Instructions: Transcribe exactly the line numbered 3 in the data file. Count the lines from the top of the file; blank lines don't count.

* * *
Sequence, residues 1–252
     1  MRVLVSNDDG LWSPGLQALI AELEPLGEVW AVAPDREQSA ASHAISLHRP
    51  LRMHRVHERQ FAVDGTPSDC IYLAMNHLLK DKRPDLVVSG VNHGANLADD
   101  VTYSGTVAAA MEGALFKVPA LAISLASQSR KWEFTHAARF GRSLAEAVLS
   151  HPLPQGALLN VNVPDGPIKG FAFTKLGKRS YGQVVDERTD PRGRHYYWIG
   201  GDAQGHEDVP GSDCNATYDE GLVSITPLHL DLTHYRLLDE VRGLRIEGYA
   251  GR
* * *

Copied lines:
    51  LRMHRVHERQ FAVDGTPSDC IYLAMNHLLK DKRPDLVVSG VNHGANLADD